jeffdmjeffdm Posts: 12,951member
    Quote:
    Originally Posted by Feynman


    In regards to Mac Talk, now even fewer Mac Specialists will be available to assist walk in customers



    I don't think it has to be zero-sum. If this helps increase sales, which is the point of the service, then it would help justify hiring more people. I think signing in to Concierge to reserve a slot is probably the recommended thing to do, to assure that someone will be available at a given time slot.



    It looks like Apple is refining its sales and service strategy, which can easily be a good thing.
  • Reply 3 of 41
    It certainly is a delicate balancing act. Scheduling time for individuals is extremely variable, what with consultations ranging from a few seconds to possibly an hour each...
  • Reply 4 of 41
    So funny. It's from Apple so it's somehow newsworthy.



    As an owner of a Mac-only dealership, we do this DAILY but WITHOUT the need for a visual prompt of Rhonda (the sales staff are attentive enough to see and communicate without the digital stimuli) or the booking of a meeting with a switcher (we welcome them and take the time necessary WHEN THEY arrive).
  • Reply 5 of 41
    Regarding MacTalk..



    So Apple is going to take an hour's worth of time from a Mac Specialist to help one customer buy one product, when in that amount of time that same person can sell 10 iPods, a few printers, some software, and some iPod accessories, and maybe 1/5 of them become switchers because their kids liked playing on the iMacs so much.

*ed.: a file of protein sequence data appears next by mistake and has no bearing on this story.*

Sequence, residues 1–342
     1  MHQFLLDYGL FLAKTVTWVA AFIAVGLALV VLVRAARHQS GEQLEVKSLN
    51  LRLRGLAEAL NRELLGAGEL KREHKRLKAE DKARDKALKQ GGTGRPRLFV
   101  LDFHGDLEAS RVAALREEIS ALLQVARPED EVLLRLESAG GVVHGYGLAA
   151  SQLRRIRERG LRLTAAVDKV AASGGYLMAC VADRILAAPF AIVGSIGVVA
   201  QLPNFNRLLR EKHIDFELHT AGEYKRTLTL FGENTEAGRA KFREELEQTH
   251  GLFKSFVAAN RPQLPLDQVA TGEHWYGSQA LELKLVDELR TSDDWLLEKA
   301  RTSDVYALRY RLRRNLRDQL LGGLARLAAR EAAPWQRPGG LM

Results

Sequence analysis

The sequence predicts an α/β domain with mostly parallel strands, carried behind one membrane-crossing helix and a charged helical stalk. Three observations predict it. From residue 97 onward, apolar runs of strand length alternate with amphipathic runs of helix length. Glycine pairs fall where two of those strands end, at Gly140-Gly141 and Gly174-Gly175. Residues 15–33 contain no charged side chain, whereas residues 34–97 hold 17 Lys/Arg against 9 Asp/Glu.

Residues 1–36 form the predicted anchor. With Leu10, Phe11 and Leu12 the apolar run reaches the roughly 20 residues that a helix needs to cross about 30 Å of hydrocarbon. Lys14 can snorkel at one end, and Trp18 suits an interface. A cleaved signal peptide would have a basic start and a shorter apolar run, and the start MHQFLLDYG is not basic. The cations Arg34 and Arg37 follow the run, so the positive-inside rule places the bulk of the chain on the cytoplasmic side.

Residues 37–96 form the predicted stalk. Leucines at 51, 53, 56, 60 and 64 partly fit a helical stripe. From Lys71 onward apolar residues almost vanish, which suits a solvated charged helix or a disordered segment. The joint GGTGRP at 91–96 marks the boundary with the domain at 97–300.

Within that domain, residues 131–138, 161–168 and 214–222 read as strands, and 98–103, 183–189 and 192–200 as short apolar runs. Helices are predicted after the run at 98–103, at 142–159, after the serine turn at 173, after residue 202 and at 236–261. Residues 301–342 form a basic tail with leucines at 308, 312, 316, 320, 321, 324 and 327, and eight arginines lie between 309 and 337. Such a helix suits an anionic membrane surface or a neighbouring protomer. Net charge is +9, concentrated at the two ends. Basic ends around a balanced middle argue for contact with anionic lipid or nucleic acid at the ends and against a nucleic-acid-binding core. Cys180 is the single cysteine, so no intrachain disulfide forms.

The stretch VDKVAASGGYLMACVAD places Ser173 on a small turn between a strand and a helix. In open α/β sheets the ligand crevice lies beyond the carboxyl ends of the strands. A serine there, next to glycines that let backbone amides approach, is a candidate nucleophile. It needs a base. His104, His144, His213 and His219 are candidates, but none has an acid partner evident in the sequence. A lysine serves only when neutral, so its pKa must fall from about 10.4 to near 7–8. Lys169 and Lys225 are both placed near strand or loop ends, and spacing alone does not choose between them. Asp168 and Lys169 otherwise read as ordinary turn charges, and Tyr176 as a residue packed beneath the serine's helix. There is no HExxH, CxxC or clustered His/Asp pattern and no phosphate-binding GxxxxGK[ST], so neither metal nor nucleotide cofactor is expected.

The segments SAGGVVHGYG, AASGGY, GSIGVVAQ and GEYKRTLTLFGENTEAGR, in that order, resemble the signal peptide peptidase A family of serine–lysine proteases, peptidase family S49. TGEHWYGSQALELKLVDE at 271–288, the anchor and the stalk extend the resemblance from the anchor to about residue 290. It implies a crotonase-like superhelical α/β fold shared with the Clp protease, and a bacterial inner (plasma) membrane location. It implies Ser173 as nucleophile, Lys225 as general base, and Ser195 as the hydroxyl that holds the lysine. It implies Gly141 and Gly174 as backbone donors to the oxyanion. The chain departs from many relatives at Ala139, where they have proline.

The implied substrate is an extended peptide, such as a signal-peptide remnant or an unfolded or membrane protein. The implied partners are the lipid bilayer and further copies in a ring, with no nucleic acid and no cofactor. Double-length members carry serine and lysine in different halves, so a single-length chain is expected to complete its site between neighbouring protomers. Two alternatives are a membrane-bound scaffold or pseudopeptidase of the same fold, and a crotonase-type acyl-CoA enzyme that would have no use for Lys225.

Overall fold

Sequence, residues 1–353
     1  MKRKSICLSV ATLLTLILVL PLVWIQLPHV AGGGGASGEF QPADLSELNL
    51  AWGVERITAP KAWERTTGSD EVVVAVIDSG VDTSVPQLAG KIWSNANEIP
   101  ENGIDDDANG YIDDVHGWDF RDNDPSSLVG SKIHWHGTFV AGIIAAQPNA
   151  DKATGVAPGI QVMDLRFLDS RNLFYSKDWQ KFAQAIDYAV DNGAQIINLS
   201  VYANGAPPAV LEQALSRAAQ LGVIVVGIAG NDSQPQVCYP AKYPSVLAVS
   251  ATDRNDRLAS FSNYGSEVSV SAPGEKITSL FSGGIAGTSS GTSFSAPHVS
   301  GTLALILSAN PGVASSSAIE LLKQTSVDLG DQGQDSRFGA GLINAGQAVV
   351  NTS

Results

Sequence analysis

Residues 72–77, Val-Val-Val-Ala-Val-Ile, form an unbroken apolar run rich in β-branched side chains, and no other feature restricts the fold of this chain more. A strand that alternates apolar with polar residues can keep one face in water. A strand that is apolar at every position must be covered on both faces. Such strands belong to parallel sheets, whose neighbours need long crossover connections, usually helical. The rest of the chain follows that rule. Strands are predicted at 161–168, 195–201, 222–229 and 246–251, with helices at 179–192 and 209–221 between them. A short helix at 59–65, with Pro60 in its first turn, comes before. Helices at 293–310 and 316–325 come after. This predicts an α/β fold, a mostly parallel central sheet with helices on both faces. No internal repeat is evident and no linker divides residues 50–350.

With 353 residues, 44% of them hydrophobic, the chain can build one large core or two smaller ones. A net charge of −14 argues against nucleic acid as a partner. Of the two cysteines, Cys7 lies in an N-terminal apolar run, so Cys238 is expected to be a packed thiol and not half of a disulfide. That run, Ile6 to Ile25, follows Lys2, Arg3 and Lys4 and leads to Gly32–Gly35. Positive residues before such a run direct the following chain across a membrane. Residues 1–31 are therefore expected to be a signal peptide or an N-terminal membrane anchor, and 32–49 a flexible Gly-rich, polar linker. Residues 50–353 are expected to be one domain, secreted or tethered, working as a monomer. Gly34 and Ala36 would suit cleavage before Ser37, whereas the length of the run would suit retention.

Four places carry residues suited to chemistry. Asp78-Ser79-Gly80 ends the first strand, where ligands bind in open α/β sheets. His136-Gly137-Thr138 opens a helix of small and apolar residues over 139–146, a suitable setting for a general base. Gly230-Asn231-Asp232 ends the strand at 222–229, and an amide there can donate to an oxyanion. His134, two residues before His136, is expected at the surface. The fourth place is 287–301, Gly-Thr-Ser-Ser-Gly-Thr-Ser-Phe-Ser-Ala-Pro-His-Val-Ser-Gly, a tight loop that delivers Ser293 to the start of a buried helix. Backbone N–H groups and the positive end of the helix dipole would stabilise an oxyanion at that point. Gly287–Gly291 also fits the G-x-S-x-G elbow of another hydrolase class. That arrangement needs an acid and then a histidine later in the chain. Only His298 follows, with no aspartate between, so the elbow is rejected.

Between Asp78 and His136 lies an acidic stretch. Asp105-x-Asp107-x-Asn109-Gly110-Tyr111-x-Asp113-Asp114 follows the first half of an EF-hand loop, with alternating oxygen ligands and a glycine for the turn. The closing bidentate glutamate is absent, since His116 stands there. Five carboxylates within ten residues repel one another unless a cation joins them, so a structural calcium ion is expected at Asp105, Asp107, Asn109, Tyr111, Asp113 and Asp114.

Why not offer this service on the machines themselves, and save the invaluable resource and time of the employee to offer much-needed assistance to the overwhelming crowds of people that want to spend money?
  • Reply 6 of 41
    macrrmacrr Posts: 488member
    and during the holiday season apple stores are packed - anythign to relieve the congestion waiting for a live person is a good thing. Also, consider the inevitable jackass that bogarts a mac salesperson for an hour goin over some inane small particulars... it woudl be nice to have an additional outlet to ask a question.
  • Reply 7 of 41
    jeffdmjeffdm Posts: 12,951member
    Quote:
    Originally Posted by SoopaDrive


    So Apple is going to take an hour's worth of time from a Mac Specialist to help one customer buy one product, when in that amount of time that same person can sell 10 iPods, a few printers, some software, and some iPod accessories, and maybe 1/5 of them become switchers because their kids liked playing on the iMacs so much.



    I have to imagine that the session might help them sell plenty of the other items too.